The conclusion to the series will draw a sigh—of relief.

SPEED OF LIGHT

From the Meridian series , Vol. 3

The third time lacks all charm.

Following a prologue that recaps the first two Meridian novels, this disappointing finale picks up soon after the wounding of Nocti Ms. Asura and the destruction of her pseudo–foster-care home. Chapters alternate between Meridian, who now dreams of growing old with Tens and prepares to assist her elderly, dying friend, Faye, and fellow Fenestra Juliet. Juliet must work through her anger and mistrust and desperately wants to find the remains of her dead parents. While danger from the Nocti seems imminent to the characters, especially when Juliet agrees to exchange information about those who work for the Light for the location of her parents, readers must wait…and wait…and wait for any action. Bogged down by the characters’ day-to-day minutiae, the story crawls at a snail’s pace until Meridian and her ring of friends tackle the Nocti at the Indianapolis Motor Speedway. Even then, the battle is tedious, predictable and ultimately disappointing. The introduction of Juliet’s possible dyslexia and the arrival of a new female Protector from Iran and possible issues of sexuality are broached but never explored.

The conclusion to the series will draw a sigh—of relief. (Supernatural. 13 & up)

Pub Date: Nov. 13, 2012

ISBN: 978-0-385-74114-9

Page Count: 544

Publisher: Delacorte

Review Posted Online: Sept. 15, 2012

Kirkus Reviews Issue: Oct. 1, 2012

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There’s not much plot here, but readers will relish the opportunity to climb inside Autumn’s head.

IF HE HAD BEEN WITH ME

The finely drawn characters capture readers’ attention in this debut.

Autumn and Phineas, nicknamed Finny, were born a week apart; their mothers are still best friends. Growing up, Autumn and Finny were like peas in a pod despite their differences: Autumn is “quirky and odd,” while Finny is “sweet and shy and everyone like[s] him.” But in eighth grade, Autumn and Finny stop being friends due to an unexpected kiss. They drift apart and find new friends, but their friendship keeps asserting itself at parties, shared holiday gatherings and random encounters. In the summer after graduation, Autumn and Finny reconnect and are finally ready to be more than friends. But on August 8, everything changes, and Autumn has to rely on all her strength to move on. Autumn’s coming-of-age is sensitively chronicled, with a wide range of experiences and events shaping her character. Even secondary characters are well-rounded, with their own histories and motivations.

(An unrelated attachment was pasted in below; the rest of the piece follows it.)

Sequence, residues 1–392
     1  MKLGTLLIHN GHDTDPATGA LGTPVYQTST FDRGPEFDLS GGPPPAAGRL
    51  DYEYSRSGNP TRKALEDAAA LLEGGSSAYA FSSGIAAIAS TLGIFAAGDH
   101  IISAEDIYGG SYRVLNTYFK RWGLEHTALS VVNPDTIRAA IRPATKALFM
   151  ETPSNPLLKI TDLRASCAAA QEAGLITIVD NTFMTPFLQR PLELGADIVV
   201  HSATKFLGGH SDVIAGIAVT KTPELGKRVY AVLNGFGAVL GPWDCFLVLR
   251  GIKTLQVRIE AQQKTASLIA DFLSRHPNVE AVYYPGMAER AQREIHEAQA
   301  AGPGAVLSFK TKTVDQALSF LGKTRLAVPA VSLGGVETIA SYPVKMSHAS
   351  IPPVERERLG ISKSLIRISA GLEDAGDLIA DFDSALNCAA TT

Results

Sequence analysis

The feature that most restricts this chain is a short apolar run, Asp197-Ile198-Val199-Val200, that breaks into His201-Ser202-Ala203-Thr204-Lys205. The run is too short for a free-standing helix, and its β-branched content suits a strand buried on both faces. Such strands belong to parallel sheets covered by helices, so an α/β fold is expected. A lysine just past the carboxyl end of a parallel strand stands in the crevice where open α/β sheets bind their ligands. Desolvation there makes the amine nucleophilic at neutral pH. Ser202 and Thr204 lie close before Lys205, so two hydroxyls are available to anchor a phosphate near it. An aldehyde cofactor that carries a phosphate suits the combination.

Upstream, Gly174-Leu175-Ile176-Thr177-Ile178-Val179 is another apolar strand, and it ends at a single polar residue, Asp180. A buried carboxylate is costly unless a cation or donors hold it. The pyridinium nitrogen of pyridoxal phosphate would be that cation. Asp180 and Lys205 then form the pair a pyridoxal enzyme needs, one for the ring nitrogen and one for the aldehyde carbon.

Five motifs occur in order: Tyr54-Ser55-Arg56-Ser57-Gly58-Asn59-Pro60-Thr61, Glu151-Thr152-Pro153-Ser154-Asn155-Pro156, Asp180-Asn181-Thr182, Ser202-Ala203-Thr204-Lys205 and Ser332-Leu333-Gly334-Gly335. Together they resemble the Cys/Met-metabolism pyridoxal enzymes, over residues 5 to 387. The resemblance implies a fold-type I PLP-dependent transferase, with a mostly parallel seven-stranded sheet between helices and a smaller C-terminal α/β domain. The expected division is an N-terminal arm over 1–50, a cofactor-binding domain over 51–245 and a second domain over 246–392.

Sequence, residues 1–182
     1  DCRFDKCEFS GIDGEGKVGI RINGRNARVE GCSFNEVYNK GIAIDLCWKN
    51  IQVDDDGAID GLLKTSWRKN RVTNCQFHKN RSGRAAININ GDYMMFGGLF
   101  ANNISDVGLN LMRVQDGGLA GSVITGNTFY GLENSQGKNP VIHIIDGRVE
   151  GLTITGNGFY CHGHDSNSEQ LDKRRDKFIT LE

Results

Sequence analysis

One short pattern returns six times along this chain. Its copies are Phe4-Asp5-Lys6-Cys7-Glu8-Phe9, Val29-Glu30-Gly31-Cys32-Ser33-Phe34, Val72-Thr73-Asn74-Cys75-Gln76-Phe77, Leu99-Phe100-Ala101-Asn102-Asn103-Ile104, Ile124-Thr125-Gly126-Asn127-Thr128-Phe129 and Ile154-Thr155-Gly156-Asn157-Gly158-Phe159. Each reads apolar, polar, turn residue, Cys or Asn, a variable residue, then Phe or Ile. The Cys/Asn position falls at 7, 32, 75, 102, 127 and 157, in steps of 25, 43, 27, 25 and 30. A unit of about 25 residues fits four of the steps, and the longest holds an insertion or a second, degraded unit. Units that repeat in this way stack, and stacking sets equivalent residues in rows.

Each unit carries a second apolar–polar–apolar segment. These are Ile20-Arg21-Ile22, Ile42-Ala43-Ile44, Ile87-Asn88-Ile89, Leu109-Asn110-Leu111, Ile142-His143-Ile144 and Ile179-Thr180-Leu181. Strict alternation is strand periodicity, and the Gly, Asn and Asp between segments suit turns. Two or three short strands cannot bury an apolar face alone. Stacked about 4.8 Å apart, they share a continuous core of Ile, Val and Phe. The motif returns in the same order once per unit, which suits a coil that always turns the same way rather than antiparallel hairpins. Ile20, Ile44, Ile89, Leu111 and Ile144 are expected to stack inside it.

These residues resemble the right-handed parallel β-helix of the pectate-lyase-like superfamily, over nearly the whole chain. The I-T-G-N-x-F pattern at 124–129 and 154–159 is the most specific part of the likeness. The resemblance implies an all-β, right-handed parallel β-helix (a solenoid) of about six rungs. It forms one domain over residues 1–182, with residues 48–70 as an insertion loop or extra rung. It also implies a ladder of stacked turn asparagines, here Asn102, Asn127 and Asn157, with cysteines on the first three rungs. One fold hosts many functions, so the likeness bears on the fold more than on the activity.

There’s not much plot here, but readers will relish the opportunity to climb inside Autumn’s head.   (Fiction. 14 & up)

Pub Date: April 1, 2013

ISBN: 978-1-4022-7782-5

Page Count: 336

Publisher: Sourcebooks Fire

Review Posted Online: Feb. 13, 2013

Kirkus Reviews Issue: March 1, 2013

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This grittily provocative debut explores the horrors of self-harm and the healing power of artistic expression.

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GIRL IN PIECES

After surviving a suicide attempt, a fragile teen isn't sure she can endure without cutting herself.

Seventeen-year-old Charlie Davis, a white girl living on the margins, thinks she has little reason to live: her father drowned himself; her bereft and abusive mother kicked her out; her best friend, Ellis, is nearly brain dead after cutting too deeply; and she's gone through unspeakable experiences living on the street. After spending time in treatment with other young women like her—who cut, burn, poke, and otherwise hurt themselves—Charlie is released and takes a bus from the Twin Cities to Tucson to be closer to Mikey, a boy she "like-likes" but who had pined for Ellis instead. But things don't go as planned in the Arizona desert, because sweet Mikey just wants to be friends. Feeling rejected, Charlie, an artist, is drawn into a destructive new relationship with her sexy older co-worker, a "semifamous" local musician who's obviously a junkie alcoholic. Through intense, diarylike chapters chronicling Charlie's journey, the author captures the brutal and heartbreaking way "girls who write their pain on their bodies" scar and mar themselves, either succumbing or surviving. Like most issue books, this is not an easy read, but it's poignant and transcendent as Charlie breaks more and more before piecing herself back together.

This grittily provocative debut explores the horrors of self-harm and the healing power of artistic expression. (author’s note) (Fiction. 14 & up)

Pub Date: Aug. 30, 2016

ISBN: 978-1-101-93471-5

Page Count: 416

Publisher: Delacorte

Review Posted Online: May 4, 2016

Kirkus Reviews Issue: May 15, 2016

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